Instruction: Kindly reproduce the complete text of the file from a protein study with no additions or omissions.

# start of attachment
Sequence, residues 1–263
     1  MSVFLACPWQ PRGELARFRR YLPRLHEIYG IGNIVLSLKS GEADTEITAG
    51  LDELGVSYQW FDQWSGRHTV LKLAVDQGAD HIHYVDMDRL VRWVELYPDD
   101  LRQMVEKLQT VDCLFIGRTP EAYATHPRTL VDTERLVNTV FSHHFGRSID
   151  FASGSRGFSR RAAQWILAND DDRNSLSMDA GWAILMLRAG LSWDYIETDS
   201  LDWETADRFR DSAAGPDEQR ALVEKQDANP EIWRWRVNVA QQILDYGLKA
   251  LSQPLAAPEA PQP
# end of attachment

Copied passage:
Sequence, residues 1–263
     1  MSVFLACPWQ PRGELARFRR YLPRLHEIYG IGNIVLSLKS GEADTEITAG
    51  LDELGVSYQW FDQWSGRHTV LKLAVDQGAD HIHYVDMDRL VRWVELYPDD
   101  LRQMVEKLQT VDCLFIGRTP EAYATHPRTL VDTERLVNTV FSHHFGRSID
   151  FASGSRGFSR RAAQWILAND DDRNSLSMDA GWAILMLRAG LSWDYIETDS
   201  LDWETADRFR DSAAGPDEQR ALVEKQDANP EIWRWRVNVA QQILDYGLKA
   251  LSQPLAAPEA PQP